Eich didn't just passively endorse this awful effort -- he felt so strongly about denying LGBT couples and families the right to marry that he gave a sizable chunk of change to make it happen. (Maybe $1,000 isn't a substantial amount of money in the upper echelons of the tech industry, but down here on the ground it's some pretty serious cash.)
And that's not even the extent of Eich's anti-LGBT political activities. He's donated to outspoken homophobes like Republican Reps. Tom McClintock and Linda Smith, the latter of whom describes homosexuality as a "morally unfit inclination." Eich gave money multiple times to Ron Paul, who has long opposed LGBT rights, and to the notoriously homophobic (and racist, and anti-Semitic) Pat Buchanan.
A year before Eich's first donation to Buchanan's presidential campaign, the future candidate said about the AIDS crisis: "our promiscuous homosexuals appear literally hell-bent on Satanism and suicide;" not long before that he claimed that AIDS was the "awful retribution" for gays' "declared war on nature." Yet this week, when the Guardian gave Eich a chance to distance himself from Buchanan's anti-gay views, the embattled CEO couldn't even muster a comment.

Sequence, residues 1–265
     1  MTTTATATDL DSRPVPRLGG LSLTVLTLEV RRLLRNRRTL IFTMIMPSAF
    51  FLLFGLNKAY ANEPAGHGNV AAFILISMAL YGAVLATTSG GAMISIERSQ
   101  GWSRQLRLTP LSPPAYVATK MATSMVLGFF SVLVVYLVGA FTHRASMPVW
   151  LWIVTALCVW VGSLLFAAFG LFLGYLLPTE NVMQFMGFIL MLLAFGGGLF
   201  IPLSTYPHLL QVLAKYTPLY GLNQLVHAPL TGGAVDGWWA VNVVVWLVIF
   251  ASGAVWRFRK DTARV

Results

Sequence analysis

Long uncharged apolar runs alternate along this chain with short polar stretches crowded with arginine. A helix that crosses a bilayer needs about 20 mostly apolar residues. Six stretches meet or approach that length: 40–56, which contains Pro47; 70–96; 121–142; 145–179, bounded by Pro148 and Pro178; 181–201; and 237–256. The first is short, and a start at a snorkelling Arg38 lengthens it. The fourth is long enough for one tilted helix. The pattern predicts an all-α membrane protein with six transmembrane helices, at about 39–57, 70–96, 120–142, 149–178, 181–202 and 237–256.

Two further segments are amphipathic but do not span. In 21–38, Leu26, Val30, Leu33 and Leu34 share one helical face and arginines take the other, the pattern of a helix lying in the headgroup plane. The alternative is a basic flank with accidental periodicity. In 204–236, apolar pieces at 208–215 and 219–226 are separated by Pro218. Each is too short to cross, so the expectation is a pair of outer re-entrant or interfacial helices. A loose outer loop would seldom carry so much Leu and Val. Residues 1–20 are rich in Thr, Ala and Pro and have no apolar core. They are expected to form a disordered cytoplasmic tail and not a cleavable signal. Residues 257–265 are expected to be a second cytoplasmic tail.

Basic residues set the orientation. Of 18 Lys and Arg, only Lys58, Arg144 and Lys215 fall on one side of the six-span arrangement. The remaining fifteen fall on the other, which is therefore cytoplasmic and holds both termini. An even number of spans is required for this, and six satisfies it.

If a person can't say, in the year 2014, "I reject the belief that AIDS is nature's way of killing gays," on what planet is that person not intensely homophobic? If Eich can't bring himself to simply acknowledge the humanity of LGBT people, how on earth would he be able to impartially serve in a job where he might have to make decisions impacting the lives of his LGBT employees?
According to Hampton and Michael Catlin, the software developers and binational same-sex spouses who launched the Mozilla boycott, Eich had a similarly appalling response during a private meeting. Binational same-sex couples feel the sting of marriage discrimination far more acutely than most, and when Hampton finally got a chance to sit down and talk with Eich, he wasn't looking for him to change his personal views -- all he wanted was an acknowledgement of the suffering that he and his husband endured.
I met with Brendan and asked him to just apologize for the discrimination under the law that we faced. He can still keep his personal beliefs, but I wanted him to recognize that we faced real issues with immigration and say that he never intended to cause people problems.